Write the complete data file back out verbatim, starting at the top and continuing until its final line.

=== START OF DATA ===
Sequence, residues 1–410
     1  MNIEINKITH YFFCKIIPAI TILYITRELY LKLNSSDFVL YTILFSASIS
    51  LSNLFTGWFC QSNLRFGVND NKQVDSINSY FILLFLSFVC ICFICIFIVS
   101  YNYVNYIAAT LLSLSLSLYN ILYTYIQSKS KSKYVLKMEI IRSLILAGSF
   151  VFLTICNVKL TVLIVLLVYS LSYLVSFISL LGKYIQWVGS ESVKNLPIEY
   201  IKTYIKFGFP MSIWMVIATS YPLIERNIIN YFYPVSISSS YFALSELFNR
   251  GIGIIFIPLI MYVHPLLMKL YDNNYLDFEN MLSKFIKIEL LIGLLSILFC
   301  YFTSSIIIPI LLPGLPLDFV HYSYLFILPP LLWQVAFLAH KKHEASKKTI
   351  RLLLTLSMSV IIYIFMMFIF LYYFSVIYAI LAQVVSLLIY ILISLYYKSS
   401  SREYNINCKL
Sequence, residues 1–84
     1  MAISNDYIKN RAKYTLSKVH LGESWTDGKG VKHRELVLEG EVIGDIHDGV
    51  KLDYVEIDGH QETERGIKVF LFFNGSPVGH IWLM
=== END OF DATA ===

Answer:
Sequence, residues 1–410
     1  MNIEINKITH YFFCKIIPAI TILYITRELY LKLNSSDFVL YTILFSASIS
    51  LSNLFTGWFC QSNLRFGVND NKQVDSINSY FILLFLSFVC ICFICIFIVS
   101  YNYVNYIAAT LLSLSLSLYN ILYTYIQSKS KSKYVLKMEI IRSLILAGSF
   151  VFLTICNVKL TVLIVLLVYS LSYLVSFISL LGKYIQWVGS ESVKNLPIEY
   201  IKTYIKFGFP MSIWMVIATS YPLIERNIIN YFYPVSISSS YFALSELFNR
   251  GIGIIFIPLI MYVHPLLMKL YDNNYLDFEN MLSKFIKIEL LIGLLSILFC
   301  YFTSSIIIPI LLPGLPLDFV HYSYLFILPP LLWQVAFLAH KKHEASKKTI
   351  RLLLTLSMSV IIYIFMMFIF LYYFSVIYAI LAQVVSLLIY ILISLYYKSS
   401  SREYNINCKL
Sequence, residues 1–84
     1  MAISNDYIKN RAKYTLSKVH LGESWTDGKG VKHRELVLEG EVIGDIHDGV
    51  KLDYVEIDGH QETERGIKVF LFFNGSPVGH IWLM